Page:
Jewish Press Unanimous in Condemning Max D. Steuer’s Assertion
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Jewish Press Unanimous in Condemning Max D. Steuer’s Assertion

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The Yiddish press is unanimous in its criticism of the accusation and later modification of his charge by Max D. Steuer with regard to Jewish relief funds sent to Europe prior to 1925.

The “Jewish Morning Journal” writing editorially terms Mr. Steuer’s assertions “A good lawyer’s bad case,” declaring: “The ever dissatisfied and always revolting Deputy Isaac Gruenbaum of Warsaw has had a talk with our well known Max D. Steuer in Zurich. Gruenbaum pumped into Steuer the old and 100 times repeated assertion concerning the losses suffered by American relief work through the changing rates of exchange of the Polish currency.

“At home Mr. Steuer is too busy with his professional and other duties to be informed concerning everything which was done and which is being done in the large and wideflung relief work. However, in the mild climate of Switzerland where a rest could be easily taken from the ‘fight for minority rights’ on a battlefield where the enemy was absent, the old story was told the American jurist as something new. The American jurist coming home gave out the story as good currency. It is therefore natural that Mr. Steuer should have to apologize for the bad case which Gruenbaum gave him,” the paper writes.

“The Day” in an editorial entitled “Irresponsibility” refers to its previous editorial where Mr. Steuer’s statement was termed “dangerous sensationalism.” “Mr. Marshall is absolutely right in his attitude,” the paper writes. “Mr. Steuer makes himself only ridiculous and to a high degree irresponsible when he attempts to place anybody under suspicion for that unfortunate time. On the other hand, Mr. Steuer proves that he knows very little concerning Jewish affairs and Jewish relief work in particular. Being anxious to get out of the great mistake he made, he tells a story that certain Polish Jewish representatives in Zurich have talked with him concerning a plan to colonize Polish needy Jews on the land. That plan may perhaps be all right and we have nothing in principle against it, but it has no connection with the question.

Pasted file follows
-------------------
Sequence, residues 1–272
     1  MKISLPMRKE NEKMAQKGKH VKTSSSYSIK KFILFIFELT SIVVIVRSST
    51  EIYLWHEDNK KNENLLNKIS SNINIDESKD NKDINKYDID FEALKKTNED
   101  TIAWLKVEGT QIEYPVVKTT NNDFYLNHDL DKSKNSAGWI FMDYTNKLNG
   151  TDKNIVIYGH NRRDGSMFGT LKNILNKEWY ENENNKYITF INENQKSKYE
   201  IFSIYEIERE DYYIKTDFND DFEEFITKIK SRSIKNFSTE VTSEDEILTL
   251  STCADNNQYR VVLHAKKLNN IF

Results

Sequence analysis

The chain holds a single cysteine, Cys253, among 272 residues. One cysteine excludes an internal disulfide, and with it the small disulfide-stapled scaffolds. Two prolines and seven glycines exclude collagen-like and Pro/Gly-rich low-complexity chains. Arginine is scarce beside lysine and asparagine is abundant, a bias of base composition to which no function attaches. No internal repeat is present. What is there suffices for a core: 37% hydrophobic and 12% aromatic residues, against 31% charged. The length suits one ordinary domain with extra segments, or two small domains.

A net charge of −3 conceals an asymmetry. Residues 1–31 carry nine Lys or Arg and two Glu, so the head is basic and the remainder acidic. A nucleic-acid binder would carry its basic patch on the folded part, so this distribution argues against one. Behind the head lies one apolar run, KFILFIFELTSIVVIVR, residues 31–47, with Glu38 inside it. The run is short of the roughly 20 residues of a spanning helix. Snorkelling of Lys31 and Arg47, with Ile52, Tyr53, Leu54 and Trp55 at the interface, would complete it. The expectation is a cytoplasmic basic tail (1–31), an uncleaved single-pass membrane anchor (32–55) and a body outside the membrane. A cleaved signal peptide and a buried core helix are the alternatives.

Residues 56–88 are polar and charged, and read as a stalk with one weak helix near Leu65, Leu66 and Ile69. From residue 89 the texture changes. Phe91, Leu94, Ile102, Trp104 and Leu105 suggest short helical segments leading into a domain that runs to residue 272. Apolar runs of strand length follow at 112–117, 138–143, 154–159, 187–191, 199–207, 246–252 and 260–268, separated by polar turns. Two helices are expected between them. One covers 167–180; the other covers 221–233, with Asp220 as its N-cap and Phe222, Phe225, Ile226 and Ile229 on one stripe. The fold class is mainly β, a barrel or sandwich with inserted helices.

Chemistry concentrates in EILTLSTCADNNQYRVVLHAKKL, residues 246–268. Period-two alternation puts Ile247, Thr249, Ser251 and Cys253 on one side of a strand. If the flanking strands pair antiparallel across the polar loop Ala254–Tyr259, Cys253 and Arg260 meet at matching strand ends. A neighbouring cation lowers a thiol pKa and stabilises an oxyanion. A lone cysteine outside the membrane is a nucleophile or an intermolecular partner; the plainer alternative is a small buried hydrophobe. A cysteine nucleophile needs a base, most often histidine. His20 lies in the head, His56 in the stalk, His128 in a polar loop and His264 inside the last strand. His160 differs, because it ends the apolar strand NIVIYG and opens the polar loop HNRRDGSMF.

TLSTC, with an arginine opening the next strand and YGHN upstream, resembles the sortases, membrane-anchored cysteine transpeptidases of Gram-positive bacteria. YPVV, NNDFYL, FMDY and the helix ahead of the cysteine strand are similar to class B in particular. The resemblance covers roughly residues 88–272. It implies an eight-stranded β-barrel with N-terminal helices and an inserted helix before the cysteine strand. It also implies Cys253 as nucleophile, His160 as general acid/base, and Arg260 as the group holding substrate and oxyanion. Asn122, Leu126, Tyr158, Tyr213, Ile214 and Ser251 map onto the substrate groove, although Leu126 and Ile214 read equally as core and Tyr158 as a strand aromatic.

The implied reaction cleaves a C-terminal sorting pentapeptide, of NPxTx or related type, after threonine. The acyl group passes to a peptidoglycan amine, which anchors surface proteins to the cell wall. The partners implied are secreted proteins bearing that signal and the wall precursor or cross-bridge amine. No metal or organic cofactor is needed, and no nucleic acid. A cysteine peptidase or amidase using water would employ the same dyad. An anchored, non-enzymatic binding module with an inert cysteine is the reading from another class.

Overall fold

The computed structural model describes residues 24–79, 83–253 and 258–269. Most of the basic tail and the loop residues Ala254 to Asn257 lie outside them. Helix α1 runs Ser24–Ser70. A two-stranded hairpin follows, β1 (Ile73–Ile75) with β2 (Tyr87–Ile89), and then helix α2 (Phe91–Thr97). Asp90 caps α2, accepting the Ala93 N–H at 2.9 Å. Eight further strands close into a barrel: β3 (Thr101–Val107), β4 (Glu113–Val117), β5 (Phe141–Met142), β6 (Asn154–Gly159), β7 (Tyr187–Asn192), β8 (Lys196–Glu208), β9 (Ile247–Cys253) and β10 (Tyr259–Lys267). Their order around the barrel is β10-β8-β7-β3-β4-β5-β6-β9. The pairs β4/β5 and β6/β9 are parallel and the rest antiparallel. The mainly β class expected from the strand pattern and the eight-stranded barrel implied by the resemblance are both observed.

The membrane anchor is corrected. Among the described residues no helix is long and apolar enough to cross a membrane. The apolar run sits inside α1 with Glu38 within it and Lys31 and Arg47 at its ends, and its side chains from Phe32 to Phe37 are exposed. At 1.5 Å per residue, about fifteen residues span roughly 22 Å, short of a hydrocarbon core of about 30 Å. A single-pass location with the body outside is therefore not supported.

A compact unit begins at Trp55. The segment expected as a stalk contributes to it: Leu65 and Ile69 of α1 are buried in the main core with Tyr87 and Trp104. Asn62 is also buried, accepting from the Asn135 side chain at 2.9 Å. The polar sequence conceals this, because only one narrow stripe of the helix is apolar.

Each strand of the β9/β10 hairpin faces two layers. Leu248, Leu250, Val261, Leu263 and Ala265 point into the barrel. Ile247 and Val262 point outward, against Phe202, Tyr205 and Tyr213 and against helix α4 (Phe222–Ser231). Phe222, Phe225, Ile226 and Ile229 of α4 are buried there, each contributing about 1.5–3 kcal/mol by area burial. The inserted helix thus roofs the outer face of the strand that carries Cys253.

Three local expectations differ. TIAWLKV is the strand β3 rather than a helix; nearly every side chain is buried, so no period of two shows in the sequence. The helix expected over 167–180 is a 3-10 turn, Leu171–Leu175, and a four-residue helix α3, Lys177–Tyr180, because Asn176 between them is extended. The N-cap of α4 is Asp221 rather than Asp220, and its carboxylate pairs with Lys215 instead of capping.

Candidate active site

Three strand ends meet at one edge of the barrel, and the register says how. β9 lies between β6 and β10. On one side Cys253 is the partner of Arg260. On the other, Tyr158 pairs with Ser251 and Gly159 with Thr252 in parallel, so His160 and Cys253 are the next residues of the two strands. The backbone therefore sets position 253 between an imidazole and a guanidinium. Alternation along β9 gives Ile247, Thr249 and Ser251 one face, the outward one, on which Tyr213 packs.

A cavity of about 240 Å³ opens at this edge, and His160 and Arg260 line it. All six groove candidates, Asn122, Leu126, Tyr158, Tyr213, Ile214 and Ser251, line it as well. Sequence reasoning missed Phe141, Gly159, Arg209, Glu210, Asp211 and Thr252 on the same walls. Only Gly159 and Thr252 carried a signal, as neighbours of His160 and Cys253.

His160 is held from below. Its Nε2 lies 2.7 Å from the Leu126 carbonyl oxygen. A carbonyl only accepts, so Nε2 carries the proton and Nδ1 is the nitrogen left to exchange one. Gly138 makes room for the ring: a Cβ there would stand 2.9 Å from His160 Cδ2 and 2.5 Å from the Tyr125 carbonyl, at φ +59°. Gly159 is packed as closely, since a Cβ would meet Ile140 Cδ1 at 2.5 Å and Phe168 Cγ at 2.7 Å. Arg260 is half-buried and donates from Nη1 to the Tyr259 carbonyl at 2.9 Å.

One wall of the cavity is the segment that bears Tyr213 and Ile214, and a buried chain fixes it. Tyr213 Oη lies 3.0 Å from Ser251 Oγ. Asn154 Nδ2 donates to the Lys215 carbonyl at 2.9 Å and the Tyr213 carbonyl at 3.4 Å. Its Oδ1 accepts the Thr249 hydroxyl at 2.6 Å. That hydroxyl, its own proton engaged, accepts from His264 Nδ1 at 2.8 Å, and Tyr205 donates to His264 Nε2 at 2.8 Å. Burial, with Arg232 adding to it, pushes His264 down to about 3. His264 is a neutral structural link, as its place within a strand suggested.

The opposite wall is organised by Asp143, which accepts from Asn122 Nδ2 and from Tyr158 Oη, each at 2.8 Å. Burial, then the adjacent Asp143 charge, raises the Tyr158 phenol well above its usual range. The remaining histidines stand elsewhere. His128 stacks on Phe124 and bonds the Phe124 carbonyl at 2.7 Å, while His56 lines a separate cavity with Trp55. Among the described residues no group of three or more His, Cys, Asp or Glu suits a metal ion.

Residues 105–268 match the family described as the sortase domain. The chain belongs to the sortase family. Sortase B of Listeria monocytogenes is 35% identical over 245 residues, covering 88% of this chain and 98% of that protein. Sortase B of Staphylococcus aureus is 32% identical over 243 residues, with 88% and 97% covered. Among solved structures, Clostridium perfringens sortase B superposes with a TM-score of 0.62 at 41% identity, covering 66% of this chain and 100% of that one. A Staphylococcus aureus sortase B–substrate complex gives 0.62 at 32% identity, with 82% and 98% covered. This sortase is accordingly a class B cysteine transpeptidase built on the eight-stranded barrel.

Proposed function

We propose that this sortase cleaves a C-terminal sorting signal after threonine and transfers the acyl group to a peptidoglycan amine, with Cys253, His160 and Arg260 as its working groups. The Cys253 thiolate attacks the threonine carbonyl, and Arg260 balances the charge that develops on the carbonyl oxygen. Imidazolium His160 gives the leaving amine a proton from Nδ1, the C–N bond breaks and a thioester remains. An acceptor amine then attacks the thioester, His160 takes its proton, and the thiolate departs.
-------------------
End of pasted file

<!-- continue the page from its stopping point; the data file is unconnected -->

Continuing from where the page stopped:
“What remains to be hoped is that Mr. Steuer’s irresponsibility will not cause any harm to Jewish relief work in any form.”

The “Jewish Daily News” similarly treats Mr. Steuer’s charge as an “irresponsible sensation.” Mr. Steuer, the paper says, “is a great criminal lawyer. He is learned and knows how to differentiate between facts and talk. He knows the principle of evidence. He knows that evidence from third hand cannot be accepted and even at first hand an able lawyer must look for the motive of the witness. Now, Mr. Steuer the lawyer did not take all this into consideration. He had heard something and made a sensation of it. He forgot that Gruenbaum was here not long ago and had he really had a case he could have made it public when he was here.

“Mr. Naumberg is a man who often writes short stories which may be good and which are sometimes not so good, but his authority as a social worker and champion of truth is not yet established. Mr. Steuer should have been the last man to take hotel lobby and cafe talk and offer it as facts.

“However, there was, as Shakespeare said, a method in his madness. There was a reason for Mr. Steuer to make this sensation. Steuer was a delegate to the conference on Jewish Rights held in Zurich. All the great Jewish organizations, rightly or wrongly, refused to participate in it. The conference was greatly excited over this and it was necessary to hit back.

“Mr. Steuer,” the paper goes on, “has simply excluded himself from the role of a Jewish communal leader. Such accusations are not made by a man of responsibility without the slightest evidence but only on the basis of what he heard from Gruenbaura and Naumberg. The Jewish public will know in what light to take such wild assertions.”

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